In an important announcement today (18 April 2017), Teresa May (Prime Minister – UK Government) has sought a parliamentary vote on a General Election within the United Kingdom.
If approved, the General Election to be held on 8 June 2017 will be an opportunity for the current Government to consolidate their mandate for a “Hard Brexit” or, the most likely alternative of a coalition of Political Parties to move forward on a “Soft Brexit” option.
This consolidation will take three forms:
Teresa May will be seeking a personal mandate from the UK electorate.
She was not directly elected and took over the post of Prime Minister on 13 July 2016 after the resignation of the previous Prime Minister, David Cameron through a Conservative Party voting process.
Calling the General Election will have the effect of electing a Prime Minister with a clear mandate to carry forward with their Brexit strategy, which if it is Teresa May, it will consolidate her position as the Prime Minister and her direction of a “Hard Brexit”.
The current Government is seeking the electorate’s mandate to implement Brexit
A General Election can clear the “political air” by seeking the clearest mandate to implement Brexit. Currently, Teresa May and the Conservative Government have high ratings and a solid majority in the UK Government & they will be looking to retain or improve on their election performance to secure their mandate.
Before the General Election can take place, two-thirds of seats of Members of Parliament (MPs) will need to approve the measure at the vote to be held on Wednesday, 19 April 2017. It should be noted that this is not two-thirds of the voting MPs but of all MPs. So at least 434 of the 650 seats must vote for the General Election.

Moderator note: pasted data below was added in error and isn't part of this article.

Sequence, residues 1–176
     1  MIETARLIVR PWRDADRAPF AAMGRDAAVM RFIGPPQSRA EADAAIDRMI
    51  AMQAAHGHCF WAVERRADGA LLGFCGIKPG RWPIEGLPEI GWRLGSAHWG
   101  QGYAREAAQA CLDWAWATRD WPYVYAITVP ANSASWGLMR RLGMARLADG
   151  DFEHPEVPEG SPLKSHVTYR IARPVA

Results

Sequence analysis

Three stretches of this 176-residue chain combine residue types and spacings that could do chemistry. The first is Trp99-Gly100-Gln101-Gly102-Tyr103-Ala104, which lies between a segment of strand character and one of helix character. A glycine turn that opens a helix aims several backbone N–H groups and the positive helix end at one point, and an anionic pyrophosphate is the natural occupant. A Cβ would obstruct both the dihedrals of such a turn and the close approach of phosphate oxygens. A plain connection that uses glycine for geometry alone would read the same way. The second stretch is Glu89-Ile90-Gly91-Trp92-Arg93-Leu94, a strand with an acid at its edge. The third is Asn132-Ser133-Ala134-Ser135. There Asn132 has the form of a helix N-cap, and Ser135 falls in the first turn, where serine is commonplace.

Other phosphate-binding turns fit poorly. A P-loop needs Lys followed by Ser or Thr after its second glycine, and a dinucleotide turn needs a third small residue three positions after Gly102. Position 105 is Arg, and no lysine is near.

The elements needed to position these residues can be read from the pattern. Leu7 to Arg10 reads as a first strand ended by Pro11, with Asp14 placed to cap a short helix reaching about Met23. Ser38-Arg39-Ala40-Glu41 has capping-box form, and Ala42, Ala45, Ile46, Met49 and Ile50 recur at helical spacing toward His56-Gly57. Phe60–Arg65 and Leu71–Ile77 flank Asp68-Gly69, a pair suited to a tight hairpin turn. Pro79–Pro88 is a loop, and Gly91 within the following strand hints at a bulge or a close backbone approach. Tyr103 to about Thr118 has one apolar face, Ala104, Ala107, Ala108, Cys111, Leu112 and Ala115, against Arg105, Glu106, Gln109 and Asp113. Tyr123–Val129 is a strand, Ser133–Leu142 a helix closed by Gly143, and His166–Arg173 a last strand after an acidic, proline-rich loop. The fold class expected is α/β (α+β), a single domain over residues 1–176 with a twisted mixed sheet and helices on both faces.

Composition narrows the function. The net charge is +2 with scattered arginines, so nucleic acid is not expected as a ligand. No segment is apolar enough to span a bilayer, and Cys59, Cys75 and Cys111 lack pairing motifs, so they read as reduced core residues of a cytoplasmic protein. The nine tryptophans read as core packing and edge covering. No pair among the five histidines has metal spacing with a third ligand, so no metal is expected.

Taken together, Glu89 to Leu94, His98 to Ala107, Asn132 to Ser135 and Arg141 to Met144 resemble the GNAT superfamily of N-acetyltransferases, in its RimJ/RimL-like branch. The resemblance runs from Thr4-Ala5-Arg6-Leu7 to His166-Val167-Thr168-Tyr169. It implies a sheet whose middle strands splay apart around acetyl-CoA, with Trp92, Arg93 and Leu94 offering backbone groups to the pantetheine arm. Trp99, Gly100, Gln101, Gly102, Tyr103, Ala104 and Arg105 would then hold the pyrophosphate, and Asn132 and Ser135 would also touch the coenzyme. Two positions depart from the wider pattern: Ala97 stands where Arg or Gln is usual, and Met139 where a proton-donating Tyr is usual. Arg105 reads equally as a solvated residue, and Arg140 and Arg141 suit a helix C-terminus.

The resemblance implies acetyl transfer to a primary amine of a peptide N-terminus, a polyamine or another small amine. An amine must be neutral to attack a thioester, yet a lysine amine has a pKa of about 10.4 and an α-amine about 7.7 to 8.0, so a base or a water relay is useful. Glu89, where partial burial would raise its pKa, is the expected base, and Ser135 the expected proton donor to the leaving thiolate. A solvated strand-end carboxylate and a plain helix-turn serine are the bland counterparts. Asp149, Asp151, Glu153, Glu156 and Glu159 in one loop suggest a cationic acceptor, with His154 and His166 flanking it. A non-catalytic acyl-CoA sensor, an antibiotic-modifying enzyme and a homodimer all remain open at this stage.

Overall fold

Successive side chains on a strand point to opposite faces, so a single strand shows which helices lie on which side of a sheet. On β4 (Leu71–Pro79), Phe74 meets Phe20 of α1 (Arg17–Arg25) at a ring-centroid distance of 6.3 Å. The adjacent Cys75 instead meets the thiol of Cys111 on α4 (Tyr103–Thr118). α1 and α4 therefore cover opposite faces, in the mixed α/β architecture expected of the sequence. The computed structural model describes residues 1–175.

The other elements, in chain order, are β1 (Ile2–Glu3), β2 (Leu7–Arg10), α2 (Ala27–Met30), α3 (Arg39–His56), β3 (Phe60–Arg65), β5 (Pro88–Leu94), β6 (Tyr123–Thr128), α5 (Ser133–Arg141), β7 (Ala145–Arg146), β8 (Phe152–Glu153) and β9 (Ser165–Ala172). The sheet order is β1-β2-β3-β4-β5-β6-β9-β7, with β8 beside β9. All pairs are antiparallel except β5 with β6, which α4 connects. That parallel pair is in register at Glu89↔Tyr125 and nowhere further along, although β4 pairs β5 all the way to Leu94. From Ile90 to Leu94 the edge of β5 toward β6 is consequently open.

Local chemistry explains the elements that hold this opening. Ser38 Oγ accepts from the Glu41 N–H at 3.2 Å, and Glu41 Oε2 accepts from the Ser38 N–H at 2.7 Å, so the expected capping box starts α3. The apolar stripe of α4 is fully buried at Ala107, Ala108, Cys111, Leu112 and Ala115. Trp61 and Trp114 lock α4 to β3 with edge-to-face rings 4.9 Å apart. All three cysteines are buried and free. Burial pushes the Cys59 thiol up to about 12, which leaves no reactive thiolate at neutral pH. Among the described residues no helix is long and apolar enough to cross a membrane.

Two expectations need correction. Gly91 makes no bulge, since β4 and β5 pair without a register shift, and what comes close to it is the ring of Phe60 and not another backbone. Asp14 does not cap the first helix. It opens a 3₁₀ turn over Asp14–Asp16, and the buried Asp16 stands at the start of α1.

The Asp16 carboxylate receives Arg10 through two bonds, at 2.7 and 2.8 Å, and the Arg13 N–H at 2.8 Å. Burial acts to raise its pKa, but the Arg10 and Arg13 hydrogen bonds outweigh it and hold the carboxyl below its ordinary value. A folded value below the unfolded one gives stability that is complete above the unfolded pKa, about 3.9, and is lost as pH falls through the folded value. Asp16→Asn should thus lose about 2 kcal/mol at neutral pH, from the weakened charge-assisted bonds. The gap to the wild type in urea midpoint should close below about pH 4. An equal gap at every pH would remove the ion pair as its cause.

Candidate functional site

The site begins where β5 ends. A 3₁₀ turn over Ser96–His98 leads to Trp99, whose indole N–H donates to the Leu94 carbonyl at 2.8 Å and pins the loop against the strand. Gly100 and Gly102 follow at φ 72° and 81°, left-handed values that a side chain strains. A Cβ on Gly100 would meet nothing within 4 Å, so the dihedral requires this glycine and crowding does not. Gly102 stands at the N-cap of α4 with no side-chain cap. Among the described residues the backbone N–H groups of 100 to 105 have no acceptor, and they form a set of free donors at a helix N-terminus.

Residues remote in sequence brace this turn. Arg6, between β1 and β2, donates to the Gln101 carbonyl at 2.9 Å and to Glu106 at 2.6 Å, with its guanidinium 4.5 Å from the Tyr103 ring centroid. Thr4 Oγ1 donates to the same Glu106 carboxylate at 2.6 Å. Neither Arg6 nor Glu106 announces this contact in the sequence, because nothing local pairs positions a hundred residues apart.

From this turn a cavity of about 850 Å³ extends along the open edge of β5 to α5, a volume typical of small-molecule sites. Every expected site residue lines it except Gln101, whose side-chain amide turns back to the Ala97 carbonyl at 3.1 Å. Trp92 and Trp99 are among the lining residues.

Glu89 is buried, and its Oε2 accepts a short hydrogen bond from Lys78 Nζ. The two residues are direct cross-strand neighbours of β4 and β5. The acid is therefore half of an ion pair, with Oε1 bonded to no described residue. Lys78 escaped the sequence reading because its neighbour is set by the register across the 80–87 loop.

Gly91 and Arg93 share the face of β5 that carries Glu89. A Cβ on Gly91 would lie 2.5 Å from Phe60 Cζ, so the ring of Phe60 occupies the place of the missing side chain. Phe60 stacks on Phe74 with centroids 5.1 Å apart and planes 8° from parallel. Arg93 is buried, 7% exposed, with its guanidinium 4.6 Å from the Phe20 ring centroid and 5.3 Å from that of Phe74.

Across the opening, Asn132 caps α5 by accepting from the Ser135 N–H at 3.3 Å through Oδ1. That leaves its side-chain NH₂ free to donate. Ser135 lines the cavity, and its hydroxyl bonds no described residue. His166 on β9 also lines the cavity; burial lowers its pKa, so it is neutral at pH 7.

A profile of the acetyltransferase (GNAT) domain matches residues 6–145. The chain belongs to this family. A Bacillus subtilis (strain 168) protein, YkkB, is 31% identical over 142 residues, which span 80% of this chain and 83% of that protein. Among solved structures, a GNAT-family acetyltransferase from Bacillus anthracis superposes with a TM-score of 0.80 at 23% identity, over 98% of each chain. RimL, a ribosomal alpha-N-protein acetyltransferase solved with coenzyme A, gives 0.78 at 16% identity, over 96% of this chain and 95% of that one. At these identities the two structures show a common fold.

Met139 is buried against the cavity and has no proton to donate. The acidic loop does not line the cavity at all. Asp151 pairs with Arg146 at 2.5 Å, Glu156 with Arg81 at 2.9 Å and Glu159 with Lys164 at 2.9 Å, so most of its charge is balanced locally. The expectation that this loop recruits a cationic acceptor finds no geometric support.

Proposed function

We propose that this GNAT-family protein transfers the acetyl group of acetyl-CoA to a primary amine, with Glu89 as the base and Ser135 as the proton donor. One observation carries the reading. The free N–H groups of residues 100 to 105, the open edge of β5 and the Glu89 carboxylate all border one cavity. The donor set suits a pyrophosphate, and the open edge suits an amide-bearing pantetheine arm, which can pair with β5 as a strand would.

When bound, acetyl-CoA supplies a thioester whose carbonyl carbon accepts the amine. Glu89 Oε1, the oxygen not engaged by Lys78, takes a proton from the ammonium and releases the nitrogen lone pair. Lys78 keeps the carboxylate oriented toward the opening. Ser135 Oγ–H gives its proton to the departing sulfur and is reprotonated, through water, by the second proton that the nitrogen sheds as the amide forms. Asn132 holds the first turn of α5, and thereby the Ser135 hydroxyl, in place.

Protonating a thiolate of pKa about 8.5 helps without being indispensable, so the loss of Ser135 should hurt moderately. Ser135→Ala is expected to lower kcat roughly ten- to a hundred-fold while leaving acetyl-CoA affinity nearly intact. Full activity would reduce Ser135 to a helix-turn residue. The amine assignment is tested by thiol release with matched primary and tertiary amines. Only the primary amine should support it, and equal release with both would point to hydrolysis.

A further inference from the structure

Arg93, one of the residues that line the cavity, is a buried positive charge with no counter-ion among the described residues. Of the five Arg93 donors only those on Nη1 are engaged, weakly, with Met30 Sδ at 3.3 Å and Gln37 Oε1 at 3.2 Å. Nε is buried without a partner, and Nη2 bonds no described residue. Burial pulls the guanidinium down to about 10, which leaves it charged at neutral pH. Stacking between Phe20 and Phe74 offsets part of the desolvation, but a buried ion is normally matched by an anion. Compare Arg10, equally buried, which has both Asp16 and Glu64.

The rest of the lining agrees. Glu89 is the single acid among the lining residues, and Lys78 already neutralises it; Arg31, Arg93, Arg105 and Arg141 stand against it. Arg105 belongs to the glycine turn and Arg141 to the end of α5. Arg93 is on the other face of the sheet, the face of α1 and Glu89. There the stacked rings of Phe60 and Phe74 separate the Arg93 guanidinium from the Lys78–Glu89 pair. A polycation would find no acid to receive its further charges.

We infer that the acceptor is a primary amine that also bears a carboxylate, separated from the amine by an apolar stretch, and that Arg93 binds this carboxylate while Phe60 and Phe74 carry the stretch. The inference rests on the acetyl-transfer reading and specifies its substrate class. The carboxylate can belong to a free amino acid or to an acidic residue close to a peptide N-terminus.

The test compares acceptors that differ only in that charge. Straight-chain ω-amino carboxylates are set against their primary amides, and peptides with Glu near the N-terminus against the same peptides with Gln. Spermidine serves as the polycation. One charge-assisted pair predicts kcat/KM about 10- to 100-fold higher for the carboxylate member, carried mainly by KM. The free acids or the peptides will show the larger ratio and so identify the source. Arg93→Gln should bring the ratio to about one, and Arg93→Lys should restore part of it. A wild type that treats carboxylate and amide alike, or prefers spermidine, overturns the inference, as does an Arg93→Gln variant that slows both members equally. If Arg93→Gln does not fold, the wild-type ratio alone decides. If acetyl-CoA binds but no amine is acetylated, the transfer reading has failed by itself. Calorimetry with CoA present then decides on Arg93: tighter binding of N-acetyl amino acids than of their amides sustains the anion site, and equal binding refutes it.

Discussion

During the proposed General Election, there will be the opportunity for other political parties, such as the Liberal Democrat Party and Scottish National Party, to seek to differentiate themselves by seeking “Soft Brexit” options.
Reset the timing of the General Election to fit with the Brexit timetable
Under the Fixed-term Parliaments Act 2011, General Elections should take place on a five-year cycle with the next General Election timed to take place in 2020.
Given the triggering of the Article 50 Notification process earlier on the 29 March 2017, this would require Brexit to be completed by 29 March 2019 with only one year before the next General Election, which would leave little time to resolve any post-Brexit issues or even an extension to the two-year Article 50 process, if sought.
Resetting the General Election to 8 June 2017 means that the next UK Government would have a full four-years to implement Brexit including any post-Brexit or extension issues.
Within this mix of possibilities for the proposed General Election, there are, clearly, the political dimensions but also there will be a greater debate on the form of the Brexit that the country wants as the earlier referendum only sought a simple answer of “Remain” or Leave” to our membership of the European Union.
It will be interesting to see how the environment features in the proposed General Election campaign and in the options for Brexit offered by all political parties.
As for now, the vote for the General Election is, only, one day away & its result will be keenly awaited.